Itwillbe 'noted-that the f earpiece I I and the magnetic disc- 2 in1herently, beause cf their nec essary'size, result in the-magnetic 'd-isc 2 proje'et ing'beyond the' outer plane 'of the e-rs. I 7

On thefother han'd; in Fig 2; where-the above mentioned special ear-'mold is used; only a -very small portion, if any, of this plastic or molded earpiece lproperi'fi'sh'ows the View, asthe ear- (30 piece, is relativelysmall andwcllwith i n the ear 3;: In lieu of the electric' cable's =of- FigI 1, a'small plastic or rubbertube fi extehds from the earpiece proper E-over the" ear and thus'com-mu nicates with the; magneticdisc I and microphone of the "-hearing aid, as described in more detail later.

In Fig. 3;,there is shown a telephone receiver I disposed nearthe prior arteiar assembly shown also in Fig. 1 from which it will be noted-thatthe projecting magnetic disc 2 necessarily,- because of mechanical interference of parts; prevents the telephone receiver, l frombeingheldclose" to the ear. For thisreas-on g-it is useless: to endeavor 'to' utilize a telephone receiver witlrsuchian earpiec'e assembly, since the sound from the telephone receiver thus does not reach the eardrum with sufficient volume and clarity.

On the other hand, in Fig. 4, in which the spe cial ear mold of Fig. 2 is also used, it will be noted that, because of the fact that this ear mold 5 is disposed well within the ear d, the telephone receiver 7 may be held to or pressed against the ear l in the samemann'er as a 'pefson of normal he ar-ing' disposesthe receiver when telephoning.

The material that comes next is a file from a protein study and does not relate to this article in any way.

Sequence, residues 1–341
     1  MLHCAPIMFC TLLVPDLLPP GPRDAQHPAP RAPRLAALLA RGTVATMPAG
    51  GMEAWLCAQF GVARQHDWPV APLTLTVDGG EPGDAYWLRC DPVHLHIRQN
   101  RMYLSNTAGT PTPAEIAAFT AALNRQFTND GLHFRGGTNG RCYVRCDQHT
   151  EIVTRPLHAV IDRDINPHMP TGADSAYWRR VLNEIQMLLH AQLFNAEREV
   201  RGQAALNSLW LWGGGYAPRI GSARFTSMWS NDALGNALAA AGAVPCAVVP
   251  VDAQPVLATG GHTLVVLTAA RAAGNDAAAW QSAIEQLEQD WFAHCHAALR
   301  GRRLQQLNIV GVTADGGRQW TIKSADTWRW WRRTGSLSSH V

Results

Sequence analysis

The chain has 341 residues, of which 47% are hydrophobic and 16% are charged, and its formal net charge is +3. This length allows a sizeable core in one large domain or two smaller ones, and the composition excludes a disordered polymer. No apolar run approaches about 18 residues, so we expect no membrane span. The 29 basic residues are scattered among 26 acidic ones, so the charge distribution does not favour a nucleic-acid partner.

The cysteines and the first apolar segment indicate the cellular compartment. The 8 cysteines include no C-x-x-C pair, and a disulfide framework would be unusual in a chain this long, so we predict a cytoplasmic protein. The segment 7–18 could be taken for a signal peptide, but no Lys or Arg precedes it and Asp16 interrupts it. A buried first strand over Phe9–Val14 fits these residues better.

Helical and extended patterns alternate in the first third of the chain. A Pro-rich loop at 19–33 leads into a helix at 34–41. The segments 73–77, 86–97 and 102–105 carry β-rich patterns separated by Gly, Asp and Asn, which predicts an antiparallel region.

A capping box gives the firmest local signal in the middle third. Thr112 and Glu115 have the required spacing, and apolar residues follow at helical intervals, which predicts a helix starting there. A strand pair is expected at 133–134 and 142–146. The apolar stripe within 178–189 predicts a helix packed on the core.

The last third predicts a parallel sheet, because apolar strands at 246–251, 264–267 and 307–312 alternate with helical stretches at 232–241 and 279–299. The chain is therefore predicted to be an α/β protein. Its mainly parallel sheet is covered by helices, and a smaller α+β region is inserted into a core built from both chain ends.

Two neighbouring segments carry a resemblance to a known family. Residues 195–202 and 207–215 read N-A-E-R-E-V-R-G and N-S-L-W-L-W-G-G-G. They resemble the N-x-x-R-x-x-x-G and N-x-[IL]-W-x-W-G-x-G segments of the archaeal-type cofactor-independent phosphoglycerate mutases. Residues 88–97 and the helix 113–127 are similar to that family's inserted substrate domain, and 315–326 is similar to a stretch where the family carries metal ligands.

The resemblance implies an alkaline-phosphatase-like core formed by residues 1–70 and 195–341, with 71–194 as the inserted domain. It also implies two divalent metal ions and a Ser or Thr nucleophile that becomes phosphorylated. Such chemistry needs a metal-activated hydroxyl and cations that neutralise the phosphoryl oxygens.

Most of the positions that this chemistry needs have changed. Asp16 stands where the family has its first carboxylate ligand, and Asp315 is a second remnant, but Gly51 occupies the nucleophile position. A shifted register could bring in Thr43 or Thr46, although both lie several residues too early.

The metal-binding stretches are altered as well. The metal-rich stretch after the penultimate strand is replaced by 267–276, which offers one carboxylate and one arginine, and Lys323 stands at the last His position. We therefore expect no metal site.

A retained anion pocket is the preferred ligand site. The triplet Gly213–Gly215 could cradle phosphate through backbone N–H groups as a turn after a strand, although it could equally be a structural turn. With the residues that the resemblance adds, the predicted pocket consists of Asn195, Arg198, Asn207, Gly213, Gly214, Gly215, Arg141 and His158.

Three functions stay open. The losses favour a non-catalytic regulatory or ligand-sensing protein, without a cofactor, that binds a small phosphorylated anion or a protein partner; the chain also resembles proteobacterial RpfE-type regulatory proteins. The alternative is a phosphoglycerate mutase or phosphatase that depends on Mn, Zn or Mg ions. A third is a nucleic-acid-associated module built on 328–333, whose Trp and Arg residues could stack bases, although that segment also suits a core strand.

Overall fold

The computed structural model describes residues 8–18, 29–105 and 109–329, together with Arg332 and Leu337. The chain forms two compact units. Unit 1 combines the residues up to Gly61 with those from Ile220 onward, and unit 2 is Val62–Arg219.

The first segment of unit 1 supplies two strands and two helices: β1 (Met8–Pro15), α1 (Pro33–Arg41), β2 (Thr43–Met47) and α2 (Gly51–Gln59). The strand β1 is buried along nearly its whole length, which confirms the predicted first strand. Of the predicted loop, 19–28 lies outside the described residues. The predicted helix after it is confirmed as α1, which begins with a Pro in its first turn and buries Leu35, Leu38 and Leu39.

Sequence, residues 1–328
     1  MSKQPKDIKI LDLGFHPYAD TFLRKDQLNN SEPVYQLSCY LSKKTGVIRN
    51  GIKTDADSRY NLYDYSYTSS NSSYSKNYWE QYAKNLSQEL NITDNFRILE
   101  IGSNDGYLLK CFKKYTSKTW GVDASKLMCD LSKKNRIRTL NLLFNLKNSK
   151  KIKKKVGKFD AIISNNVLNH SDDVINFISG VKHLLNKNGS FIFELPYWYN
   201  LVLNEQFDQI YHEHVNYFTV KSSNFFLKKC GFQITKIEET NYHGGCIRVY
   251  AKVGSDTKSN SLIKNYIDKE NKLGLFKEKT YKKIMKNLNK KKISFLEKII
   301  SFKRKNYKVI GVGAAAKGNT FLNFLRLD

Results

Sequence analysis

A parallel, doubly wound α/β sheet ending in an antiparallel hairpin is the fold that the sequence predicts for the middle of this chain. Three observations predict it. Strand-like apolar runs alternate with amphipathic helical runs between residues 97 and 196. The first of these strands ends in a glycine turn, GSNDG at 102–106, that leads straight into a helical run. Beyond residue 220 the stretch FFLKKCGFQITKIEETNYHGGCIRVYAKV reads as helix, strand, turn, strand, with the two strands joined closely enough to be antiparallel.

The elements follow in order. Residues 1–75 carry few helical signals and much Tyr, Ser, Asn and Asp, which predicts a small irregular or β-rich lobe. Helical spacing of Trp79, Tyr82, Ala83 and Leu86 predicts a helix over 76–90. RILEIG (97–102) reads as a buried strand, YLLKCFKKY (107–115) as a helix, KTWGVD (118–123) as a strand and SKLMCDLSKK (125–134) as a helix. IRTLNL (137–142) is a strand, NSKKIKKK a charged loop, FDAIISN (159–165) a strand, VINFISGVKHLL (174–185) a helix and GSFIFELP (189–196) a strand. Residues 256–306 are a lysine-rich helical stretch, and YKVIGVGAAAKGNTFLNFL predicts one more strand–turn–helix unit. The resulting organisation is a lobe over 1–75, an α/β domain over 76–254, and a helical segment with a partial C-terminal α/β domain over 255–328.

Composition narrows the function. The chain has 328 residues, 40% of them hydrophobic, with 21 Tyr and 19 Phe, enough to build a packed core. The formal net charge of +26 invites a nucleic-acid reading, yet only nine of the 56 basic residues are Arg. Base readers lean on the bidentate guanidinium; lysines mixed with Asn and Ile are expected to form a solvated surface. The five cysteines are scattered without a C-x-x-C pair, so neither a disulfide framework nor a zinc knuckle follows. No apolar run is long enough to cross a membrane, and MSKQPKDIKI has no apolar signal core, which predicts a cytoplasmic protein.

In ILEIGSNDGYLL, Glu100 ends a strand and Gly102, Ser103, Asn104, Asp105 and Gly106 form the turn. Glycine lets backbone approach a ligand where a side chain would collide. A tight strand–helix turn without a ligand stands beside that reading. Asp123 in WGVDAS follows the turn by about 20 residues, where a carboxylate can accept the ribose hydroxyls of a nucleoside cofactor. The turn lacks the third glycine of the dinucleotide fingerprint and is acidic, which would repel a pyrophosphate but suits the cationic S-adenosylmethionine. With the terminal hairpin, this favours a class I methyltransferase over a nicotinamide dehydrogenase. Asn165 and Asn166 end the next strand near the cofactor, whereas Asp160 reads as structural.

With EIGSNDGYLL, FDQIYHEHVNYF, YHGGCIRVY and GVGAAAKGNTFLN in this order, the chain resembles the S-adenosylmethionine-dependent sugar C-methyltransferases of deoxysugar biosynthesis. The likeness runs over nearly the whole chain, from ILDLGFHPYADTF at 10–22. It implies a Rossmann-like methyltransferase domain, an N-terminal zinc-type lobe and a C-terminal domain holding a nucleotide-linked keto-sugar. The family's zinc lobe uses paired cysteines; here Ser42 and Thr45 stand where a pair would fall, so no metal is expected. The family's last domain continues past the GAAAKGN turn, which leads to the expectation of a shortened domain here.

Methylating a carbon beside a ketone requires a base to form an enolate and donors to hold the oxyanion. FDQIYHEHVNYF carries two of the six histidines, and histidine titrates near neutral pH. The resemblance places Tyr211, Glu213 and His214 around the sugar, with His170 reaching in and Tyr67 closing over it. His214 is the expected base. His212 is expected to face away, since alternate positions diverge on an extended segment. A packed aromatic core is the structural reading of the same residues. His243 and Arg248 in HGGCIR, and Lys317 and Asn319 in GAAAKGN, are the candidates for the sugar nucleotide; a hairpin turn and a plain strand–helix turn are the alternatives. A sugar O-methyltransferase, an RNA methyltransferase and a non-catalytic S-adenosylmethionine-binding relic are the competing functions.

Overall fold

This feature of being able to dispose the telephone receiver in a normal contacting position with thyeaycontributes materially toward my present invention, as will be appreciated.

In Fig. 5, the parts of the generally used carpiece assembly of Fig. l are shown in detail. The earpiece. assembly! is illustrated as comprising a body"'member IW'which is preferably molded to fitth'e internal channels of the wearers ear and which includes a projection or snout iI for extendingzthrouglr the ear drum chwnel toward or close to theearzdrum itself; Asuitableinter-nat opening as I 2 extends from the outflow end of 'the projection I I over-to an opening i 3 in the outer. side of the earpiece proper, int o---which opening the spring button on, fastening ;means:; I s of the magnetic disci is snapped.